The Informant!

Director    Steven Soderbergh
Starring    Matt Damon, Scott Bakula, Tony Hale, Thomas F. Wilson, Rusty Schwimmer, Scott Adsit
Release    18 SEP (US) 20 NOV (UK)    Certificate 15
4 stars


20th November 2009

The Informant! is the best Coen Brothers movie not actually directed by the Coen Brothers. Insanely prolific director Steven Soderbergh has managed to capture the distinct Coen vibe - mainly the sardonic sense of humor and dry wit - while making it completely his own. The final result is an engaging, intricate movie about a whistleblower that manages to double as a send-up of movies about whistleblowers.

Most amazingly, though, Soderbergh and writer Scott Z Burns have crafted a film that hews extremely close to the facts of the real-life case on which it is based (first chronicled in a book by reporter Kurt Eichenwald), and at the same time, manages to be totally hilarious and completely outrageous. The film is practically a testament to the old adage: truth is often much stranger than fiction.

[gallery]Mild, unassuming, and career-minded Mark Whitacre (Matt Damon) is the Vice-President of the BioProducts Division at Archer Daniels Midland (ADM), an Agri-business firm based in Decatur, Illinois. Mark spends his days dreaming of a more exciting life in which he's the strapping hero of a John Grisham novel, all the while trying to provide a good and stable life for his family. Under pressure to get the lysine division up to scratch, Whitacre claims that he's been in contact with a competitor who is feeding him some inside information. Mark's superiors call in the FBI, and order him to cooperate with their investigation, which is headed up by Special Agent Brian Shepard (Scott Bakula).

During the investigation, Whitacre informs the FBI that ADM is involved in a huge price-fixing scandal, along with several other corporations all over the world. Whitacre spends the next two years as an unwilling informant and corporate spy. Soon, he starts to embrace the role, thinking that he has finally become the undercover hero he's always wanted to be (his self-styled codename is 0014, "because I'm twice as smart as 007").

The story of The Informant! feels like it's just too weird to be true, but true it is, and that's one of the most incredible aspects of the film. Burns hasn't just written a screenplay that is based on a true story, he pretty much brings the true story to the screen verbatim. The film is a bit convoluted, but it shouldn't prove too much of a problem if one pays close attention to what is going on. And those who do will be rewarded with a genuinely amusing tale of a man who is in way over his head, and only manages to get himself in deeper.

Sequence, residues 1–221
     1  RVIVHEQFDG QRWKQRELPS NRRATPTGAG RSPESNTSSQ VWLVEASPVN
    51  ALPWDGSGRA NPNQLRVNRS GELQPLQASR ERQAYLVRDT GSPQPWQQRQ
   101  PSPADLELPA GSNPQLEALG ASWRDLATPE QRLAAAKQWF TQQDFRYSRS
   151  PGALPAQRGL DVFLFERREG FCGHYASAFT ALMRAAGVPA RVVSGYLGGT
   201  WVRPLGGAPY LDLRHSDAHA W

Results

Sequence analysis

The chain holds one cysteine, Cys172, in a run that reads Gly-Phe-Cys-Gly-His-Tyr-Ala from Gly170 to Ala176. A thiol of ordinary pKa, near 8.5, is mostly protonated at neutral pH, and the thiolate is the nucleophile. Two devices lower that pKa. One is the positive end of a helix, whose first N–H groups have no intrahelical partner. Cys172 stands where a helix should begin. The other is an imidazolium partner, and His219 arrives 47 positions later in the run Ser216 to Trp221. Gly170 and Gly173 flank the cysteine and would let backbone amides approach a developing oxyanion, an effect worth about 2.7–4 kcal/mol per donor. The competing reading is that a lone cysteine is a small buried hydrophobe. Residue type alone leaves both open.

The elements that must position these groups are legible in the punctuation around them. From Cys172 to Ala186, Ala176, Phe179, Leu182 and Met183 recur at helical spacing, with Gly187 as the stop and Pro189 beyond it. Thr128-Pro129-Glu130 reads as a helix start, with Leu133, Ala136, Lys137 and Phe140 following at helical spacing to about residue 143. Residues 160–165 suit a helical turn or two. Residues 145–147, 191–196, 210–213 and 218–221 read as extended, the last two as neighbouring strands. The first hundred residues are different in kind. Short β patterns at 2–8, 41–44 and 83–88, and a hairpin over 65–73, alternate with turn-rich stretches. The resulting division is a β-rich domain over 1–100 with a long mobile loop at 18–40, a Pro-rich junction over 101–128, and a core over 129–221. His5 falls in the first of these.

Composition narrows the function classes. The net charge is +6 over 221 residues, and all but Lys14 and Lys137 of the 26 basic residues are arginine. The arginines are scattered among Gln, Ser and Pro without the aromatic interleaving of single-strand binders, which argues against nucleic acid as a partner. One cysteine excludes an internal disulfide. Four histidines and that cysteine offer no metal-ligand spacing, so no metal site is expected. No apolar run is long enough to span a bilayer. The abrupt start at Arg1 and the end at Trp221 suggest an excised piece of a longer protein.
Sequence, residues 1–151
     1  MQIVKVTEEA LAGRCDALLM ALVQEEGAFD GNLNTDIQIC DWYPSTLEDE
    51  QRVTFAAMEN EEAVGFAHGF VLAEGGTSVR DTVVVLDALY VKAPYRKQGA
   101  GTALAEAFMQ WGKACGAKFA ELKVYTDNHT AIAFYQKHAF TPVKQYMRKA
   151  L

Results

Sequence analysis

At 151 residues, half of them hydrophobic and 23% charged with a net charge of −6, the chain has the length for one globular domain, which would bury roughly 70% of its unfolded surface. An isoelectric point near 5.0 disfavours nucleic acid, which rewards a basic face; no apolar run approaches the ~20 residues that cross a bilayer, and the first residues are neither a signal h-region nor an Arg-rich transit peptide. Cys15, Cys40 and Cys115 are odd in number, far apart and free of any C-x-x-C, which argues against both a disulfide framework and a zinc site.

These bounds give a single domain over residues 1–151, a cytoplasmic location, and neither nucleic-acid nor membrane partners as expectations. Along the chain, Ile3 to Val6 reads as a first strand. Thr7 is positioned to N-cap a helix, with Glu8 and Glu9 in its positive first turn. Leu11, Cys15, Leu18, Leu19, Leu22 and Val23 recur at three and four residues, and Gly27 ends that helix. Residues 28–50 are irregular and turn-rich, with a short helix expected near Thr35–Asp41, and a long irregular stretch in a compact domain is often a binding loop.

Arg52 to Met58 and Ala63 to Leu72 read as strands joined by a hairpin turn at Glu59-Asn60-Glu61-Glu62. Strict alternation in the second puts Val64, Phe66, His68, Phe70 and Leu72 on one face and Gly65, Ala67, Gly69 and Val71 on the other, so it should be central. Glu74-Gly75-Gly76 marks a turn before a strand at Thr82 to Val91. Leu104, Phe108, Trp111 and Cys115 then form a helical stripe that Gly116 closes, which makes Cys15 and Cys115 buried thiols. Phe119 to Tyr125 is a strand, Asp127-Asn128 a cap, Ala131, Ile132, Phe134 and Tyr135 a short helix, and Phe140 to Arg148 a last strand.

There are times when the movie almost feels like a throwback to the screwball comedies of a bygone era, but then it returns to a more modern sensibility, and reminds the audience that all of this actually happened. Were it not for Soderbergh's expert direction, the film would be in danger of veering too far into the realm of goofy camp or deadly seriousness, but he manages to keep the proceedings on an even keel, and strikes the perfect balance between humor and earnestness.

In addition to Soderbergh's deft direction, The Informant! sports an incredible cast. Matt Damon delivers what might be the best performance of his career, conveying a lot simply through some understated but effective mannerisms. Quite a bit of Damon's dialogue takes place in the form of voiceovers which convey what Whitacre is thinking at any particular moment, and has nothing to do with the actual narrative, and thus Damon does a lot of acting with just his facial expressions or posture. It's a really great performance, and Damon just throws himself into it, seemingly uncaring about whether or not he looks ridiculous or silly.

He's backed by an incredible supporting cast headed up by Scott Bakula, who really deserves some recognition for the great, subtle work he does here as the beleaguered FBI agent who has to deal with the Whitacre's idiosyncrasies and anxieties. The rest of the cast is filled with a who's who of character actors and comedians, all of whom are playing fairly straight roles. It's a nice subversion of the comic personalities of performers like Patton Oswalt, the Smothers Brothers, and Joel McHale, and just kind of adds to the ridiculous nature of the narrative, as well as serves as a great wink to the audience that they shouldn't be taking things too seriously.

It would be a real shame to talk about this movie and not mention the amazing, old school score composed by the legendary Marvin Hamlisch. The music nearly becomes another character in the film, providing a lot of the comic relief throughout without ever informing the audience of how they're supposed to be feeling. It's a lighthearted and fun score, and serves as a throwback to a different period of cinema, providing a nice juxtaposition with the film itself, which is undeniably a product of modern movie sensibilities.

Overall, The Informant! is an odd little film, and one that is sure to divide audiences. It's not a film that allows the audience to just kick back and turn off their brains. However, for viewers who are willing to work a bit, The Informant! is an effective and entertaining account of an unbelievable true story.

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